JavaScript - - By Ivan Dimov

Make a Voice-Controlled Audio Player with the Web Speech API


This article was peer reviewed by Edwin Reynoso and Mark Brown. Thanks to all of SitePoint’s peer reviewers for making SitePoint content the best it can be!

The Web Speech API is a JavaScript API that enables web developers to incorporate speech recognition and synthesis into their web pages.

There are many reasons to do this. For example, to enhance the experience of people with disabilities (particularly users with sight problems, or users with limited ability to move their hands), or to allows users to interact with a web app while performing a different task (such as driving).

If you have never heard of the Web Speech API, or you would like a quick primer, then it might be a good idea to read Aurelio De Rosa’s articles Introducing the Web Speech API, Speech Sythesis API and the Talking Form .

Browser Support

Browsers vendors have only recently started implementing both the Speech Recognition API and the Speech Synthesis API. As you can see, support for these is still far from perfect, so if you are following along with this tutorial, please use an appropriate browser.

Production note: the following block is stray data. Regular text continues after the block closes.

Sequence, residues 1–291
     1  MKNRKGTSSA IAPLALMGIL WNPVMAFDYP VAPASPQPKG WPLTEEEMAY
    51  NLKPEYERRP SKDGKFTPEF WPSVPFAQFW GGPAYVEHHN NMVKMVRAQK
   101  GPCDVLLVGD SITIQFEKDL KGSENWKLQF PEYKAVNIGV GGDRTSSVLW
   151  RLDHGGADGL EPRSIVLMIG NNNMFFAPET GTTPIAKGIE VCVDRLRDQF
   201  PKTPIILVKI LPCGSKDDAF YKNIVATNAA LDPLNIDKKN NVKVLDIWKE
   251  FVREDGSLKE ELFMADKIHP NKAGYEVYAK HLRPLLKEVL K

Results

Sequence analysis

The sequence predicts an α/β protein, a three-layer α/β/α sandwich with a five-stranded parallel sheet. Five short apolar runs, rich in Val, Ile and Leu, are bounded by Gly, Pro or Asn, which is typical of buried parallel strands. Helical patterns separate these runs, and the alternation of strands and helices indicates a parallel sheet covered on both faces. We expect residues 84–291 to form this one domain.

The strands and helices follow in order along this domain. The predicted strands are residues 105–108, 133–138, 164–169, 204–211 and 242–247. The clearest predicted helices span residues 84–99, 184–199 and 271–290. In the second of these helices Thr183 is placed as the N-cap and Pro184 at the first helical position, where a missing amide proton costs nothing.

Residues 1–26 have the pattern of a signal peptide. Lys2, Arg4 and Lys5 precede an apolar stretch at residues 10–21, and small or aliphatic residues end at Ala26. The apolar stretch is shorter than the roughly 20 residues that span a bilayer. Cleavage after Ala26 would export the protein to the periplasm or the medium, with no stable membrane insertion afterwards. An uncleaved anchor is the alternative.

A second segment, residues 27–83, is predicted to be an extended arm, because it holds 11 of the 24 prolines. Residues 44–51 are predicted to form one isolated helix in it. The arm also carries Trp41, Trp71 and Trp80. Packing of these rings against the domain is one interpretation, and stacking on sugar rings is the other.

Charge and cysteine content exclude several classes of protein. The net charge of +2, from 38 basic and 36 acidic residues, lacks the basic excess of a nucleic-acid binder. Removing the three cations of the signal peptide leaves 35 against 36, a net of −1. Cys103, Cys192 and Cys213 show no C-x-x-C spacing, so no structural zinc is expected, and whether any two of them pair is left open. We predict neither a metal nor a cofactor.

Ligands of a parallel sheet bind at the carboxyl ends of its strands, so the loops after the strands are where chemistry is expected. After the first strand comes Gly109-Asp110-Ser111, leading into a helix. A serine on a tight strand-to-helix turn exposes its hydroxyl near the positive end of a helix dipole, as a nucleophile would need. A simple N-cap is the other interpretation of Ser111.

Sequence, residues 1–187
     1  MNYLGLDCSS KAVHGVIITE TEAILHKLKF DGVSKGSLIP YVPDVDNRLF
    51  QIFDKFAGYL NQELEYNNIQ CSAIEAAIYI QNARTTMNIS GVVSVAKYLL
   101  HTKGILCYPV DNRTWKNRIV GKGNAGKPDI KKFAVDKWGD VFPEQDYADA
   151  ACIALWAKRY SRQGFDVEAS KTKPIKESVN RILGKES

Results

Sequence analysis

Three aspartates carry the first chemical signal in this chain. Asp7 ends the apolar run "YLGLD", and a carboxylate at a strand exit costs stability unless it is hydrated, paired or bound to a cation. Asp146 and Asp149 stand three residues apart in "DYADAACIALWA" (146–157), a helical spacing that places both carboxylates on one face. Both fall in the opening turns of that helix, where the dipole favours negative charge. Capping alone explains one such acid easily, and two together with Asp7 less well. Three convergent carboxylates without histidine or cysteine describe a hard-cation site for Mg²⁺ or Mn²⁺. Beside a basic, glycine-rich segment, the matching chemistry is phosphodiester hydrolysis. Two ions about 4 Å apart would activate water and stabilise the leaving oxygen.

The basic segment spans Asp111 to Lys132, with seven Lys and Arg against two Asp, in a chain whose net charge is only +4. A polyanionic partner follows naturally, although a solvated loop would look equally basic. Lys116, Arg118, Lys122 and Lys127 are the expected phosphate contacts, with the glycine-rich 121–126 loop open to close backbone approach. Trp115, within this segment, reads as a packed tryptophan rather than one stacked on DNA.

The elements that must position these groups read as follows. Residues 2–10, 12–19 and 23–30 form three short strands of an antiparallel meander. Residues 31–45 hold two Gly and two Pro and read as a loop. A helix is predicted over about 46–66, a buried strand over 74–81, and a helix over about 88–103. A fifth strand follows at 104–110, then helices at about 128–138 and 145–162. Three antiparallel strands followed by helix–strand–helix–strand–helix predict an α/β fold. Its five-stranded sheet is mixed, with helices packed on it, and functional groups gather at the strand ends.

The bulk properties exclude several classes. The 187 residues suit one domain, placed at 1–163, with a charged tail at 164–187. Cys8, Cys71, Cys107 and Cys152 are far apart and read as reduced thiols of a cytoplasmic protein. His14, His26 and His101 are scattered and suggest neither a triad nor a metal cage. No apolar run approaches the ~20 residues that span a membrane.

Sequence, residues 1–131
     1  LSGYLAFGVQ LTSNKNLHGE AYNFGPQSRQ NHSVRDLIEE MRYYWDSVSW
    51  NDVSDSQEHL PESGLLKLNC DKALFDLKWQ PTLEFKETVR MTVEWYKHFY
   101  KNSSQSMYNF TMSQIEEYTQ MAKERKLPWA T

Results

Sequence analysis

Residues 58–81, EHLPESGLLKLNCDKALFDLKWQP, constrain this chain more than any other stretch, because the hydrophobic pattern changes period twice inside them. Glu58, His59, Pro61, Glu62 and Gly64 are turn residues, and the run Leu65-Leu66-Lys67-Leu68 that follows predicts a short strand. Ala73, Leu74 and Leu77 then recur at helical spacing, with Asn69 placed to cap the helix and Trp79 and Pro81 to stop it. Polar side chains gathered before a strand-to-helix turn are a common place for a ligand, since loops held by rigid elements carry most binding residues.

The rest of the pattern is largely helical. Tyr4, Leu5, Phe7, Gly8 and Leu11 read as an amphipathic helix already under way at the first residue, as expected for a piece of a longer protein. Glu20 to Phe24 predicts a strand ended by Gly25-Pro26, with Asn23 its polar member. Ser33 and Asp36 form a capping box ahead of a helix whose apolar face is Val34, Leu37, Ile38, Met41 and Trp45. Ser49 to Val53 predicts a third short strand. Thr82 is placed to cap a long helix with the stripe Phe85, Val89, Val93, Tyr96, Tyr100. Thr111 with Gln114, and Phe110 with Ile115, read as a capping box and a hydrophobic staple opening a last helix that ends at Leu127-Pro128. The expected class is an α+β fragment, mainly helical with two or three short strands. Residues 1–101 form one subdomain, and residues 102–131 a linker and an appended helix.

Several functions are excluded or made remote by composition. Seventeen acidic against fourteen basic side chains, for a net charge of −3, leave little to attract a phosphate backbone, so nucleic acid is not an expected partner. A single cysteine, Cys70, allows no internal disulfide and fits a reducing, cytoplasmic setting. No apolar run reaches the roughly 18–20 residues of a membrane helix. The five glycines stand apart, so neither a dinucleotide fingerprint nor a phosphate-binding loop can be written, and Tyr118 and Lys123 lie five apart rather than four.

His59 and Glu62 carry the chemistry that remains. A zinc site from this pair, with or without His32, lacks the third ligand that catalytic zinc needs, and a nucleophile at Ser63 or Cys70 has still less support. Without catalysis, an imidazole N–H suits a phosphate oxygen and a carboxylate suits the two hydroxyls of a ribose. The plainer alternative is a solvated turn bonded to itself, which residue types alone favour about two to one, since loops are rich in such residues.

In addition, the speech recognition API currently requires an Internet connection, as the speech gets passed through the wire and the results are returned to the browser. If the connection uses HTTP, the user has to permit a site to use their microphone on every request. If the connection uses HTTPS, then this is only necessary once.

Speech Recognition Libraries

Libraries can help us manage complexity and can ensure we stay forward compatible. For example when another browser starts supporting the Speech Recognition API, we would not have to worry about adding vendor prefixes.

One such library is Annyang, which is incredibly easy to work with. Tell me more.

To initialize Annyang, we add their script to our website:

<script src="//cdnjs.cloudflare.com/ajax/libs/annyang/1.6.0/annyang.min.js"></script>

We can check if the API is supported like so:

if (annyang) { /*logic */ }

And add commands using an object with the command names as keys and the callbacks as methods. :

var commands = {
  'show divs': function() {
    $('div').show();
  },
  'show forms': function() {
    $("form").show();
  }
};

Finally, we just add them and start the speech recognition using:

annyang.addCommands(commands);
annyang.start();

Voice-controlled Audio Player

In this article, we will be building a voice-controlled audio player. We will be using both the Speech Synthesis API (to inform users which song is beginning, or that a command was not recognized) and the Speech Recognition API (to convert voice commands to strings which will trigger different app logic).